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Fetal Brain Tissue Annotation and Segmentation Challenge

Kelly Payette; Priscille de Dumast; Andras Jakab; Meritxell Bach Cuadra; Lana Vasung; Roxane Licandro; Bjoern Menze; Hongwei Li Zurich)

Congenital disorders are one of the leading causes of infant mortality worldwide [1]. Recently, in-utero MRI of the fetal brain has started to emerge as a valuable tool for investigating the neurological development of fetuses with congenital disorders in order to aid in prenatal planning. Moreover, fetal MRI is a powerful tool to portray the complex neurodevelopmental events during human gestation, which remain to be completely characterized.

Automated segmentation and quantification of the highly complex and rapidly changing brain morphology prior to birth in MRI data would improve the diagnostic process, as manual segmentation is both time consuming and subject to human error and inter-rater variability. It is clinically relevant to analyse information such as the shape or volume of the developing brain structures, as many congenital disorders cause subtle changes to these tissue compartments [2]–[5]. Existing growth data is mainly based on normally developing brains [6]–[8], and growth data for many pathologies and congenital disorders is lacking. The automatic segmentation of the developing human brain would be a first step in performing such an analysis.

From a technical standpoint, there are many challenges that an automatic segmentation method of the fetal brain would need to overcome. The physiology and structures of the human brain are constantly growing and developing throughout gestation. In addition, the quality of the images can be poor due to fetal and maternal movement and imaging artefacts [9]. The boundary between tissues is often unclear due to partial volume effects.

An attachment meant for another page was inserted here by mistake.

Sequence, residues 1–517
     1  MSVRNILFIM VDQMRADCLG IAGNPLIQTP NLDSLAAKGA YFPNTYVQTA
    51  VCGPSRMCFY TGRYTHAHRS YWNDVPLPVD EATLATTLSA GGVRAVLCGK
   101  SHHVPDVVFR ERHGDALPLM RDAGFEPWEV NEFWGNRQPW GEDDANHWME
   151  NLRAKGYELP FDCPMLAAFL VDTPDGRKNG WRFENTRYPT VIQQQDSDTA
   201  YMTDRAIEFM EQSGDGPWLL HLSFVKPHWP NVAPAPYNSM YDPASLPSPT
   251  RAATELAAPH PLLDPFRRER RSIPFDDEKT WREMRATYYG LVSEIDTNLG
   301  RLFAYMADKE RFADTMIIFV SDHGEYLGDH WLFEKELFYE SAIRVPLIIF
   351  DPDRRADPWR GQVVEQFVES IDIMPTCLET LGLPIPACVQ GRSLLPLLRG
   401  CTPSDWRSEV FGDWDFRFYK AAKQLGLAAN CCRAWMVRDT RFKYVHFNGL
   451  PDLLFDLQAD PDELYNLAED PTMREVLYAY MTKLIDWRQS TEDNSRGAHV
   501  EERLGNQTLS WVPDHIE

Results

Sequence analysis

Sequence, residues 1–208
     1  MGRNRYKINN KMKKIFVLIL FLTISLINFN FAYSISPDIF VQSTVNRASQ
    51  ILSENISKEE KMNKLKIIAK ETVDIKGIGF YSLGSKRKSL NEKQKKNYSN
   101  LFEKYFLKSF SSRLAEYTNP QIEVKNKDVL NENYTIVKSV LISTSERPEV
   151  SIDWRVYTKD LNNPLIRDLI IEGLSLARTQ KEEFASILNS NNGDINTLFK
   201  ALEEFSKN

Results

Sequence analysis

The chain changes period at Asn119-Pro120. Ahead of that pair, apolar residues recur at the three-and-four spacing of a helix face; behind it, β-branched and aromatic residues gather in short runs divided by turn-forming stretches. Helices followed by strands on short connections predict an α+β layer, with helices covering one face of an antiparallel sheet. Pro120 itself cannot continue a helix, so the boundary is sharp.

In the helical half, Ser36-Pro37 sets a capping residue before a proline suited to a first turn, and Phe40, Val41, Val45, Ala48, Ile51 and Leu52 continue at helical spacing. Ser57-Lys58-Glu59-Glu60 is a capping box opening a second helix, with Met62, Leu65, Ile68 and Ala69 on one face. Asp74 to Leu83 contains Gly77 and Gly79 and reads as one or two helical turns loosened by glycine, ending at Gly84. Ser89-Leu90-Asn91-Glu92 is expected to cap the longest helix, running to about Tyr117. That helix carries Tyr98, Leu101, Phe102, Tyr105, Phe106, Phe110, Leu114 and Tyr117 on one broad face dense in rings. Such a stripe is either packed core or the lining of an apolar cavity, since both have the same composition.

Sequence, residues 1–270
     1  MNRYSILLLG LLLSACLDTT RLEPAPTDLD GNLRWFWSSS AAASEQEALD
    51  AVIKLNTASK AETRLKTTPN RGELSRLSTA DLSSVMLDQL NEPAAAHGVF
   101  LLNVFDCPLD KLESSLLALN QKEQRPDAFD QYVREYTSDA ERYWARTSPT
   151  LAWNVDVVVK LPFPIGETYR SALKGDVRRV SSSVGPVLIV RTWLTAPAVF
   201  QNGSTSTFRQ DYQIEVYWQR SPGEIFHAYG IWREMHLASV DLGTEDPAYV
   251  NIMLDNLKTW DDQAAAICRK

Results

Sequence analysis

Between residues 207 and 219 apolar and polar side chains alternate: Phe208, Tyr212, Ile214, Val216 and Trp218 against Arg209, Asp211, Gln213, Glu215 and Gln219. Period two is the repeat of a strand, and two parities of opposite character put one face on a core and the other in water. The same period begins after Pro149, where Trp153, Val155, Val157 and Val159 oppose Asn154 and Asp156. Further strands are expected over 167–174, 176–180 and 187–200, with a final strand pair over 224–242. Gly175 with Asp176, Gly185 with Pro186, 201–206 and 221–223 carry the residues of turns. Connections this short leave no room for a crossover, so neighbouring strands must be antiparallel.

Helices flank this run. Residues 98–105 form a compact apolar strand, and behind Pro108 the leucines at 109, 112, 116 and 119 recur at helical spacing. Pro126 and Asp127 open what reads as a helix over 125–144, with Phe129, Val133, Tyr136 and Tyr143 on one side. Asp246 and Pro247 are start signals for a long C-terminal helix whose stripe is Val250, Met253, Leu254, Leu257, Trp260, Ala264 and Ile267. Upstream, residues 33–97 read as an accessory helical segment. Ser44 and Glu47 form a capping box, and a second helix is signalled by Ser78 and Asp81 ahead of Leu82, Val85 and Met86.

Furthermore, structures in a pathological fetal brain can have a different morphology than those in a nonpathological brain. This can make it challenging for an automatic method to recognize what the structures are. The field of fetal MRI has so far been understudied due to challenges in imaging and due to the lack of public, curated, and annotated ground truth data.

The FeTA challenge is an important step in the development of reliable, valid, and reproducible methods of analyzing high resolution reconstructed MR images of the developing fetal brain from gestational week 21-33. Such new algorithms will have the potential to better understand the underlying causes of congenital disorders and ultimately to guide the development of antenatal/postnatal guidelines and clinical risk stratification tools for early interventions, treatments, and care management decisions.


[1] “WHO | Causes of child mortality,” WHO. http://www.who.int/gho/child_health/mortality/causes/en/ (accessed Jun. 07, 2020).

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[5] C. K. Rollins et al., “Regional Brain Growth Trajectories in Fetuses with Congenital Heart Disease,” Ann. Neurol., no. n/a, doi: https://doi.org/10.1002/ana.25940.

[6] D. Prayer et al., “MRI of normal fetal brain development,” Eur. J. Radiol., vol. 57, no. 2, pp. 199–216, Feb. 2006, doi: 10.1016/j.ejrad.2005.11.020.

[7] D. A. Jarvis, C. R. Finney, and P. D. Griffiths, “Normative volume measurements of the fetal intra-cranial compartments using 3D volume in utero MR imaging,” Eur. Radiol., vol. 29, no. 7, pp. 3488–3495, Jul. 2019, doi: 10.1007/s00330-018-5938-5.

[8] V. Kyriakopoulou et al., “Normative biometry of the fetal brain using magnetic resonance imaging,” Brain Struct. Funct., vol. 222, no. 5, pp. 2295–2307, 2017, doi: 10.1007/s00429-016-1342-6.

[9] P de Dumast, P Deman, M Khawam, T Yu, S Tourbier, P Hagmann, P Maeder, JP Thiran, R Meuli, V Dunet, M Koob, M Bach Cuadra, “Translating fetal brain magnetic resonance image super-resolution into the clinical environment [abstract],” Marseille, Feb. 2020, vol. 05.

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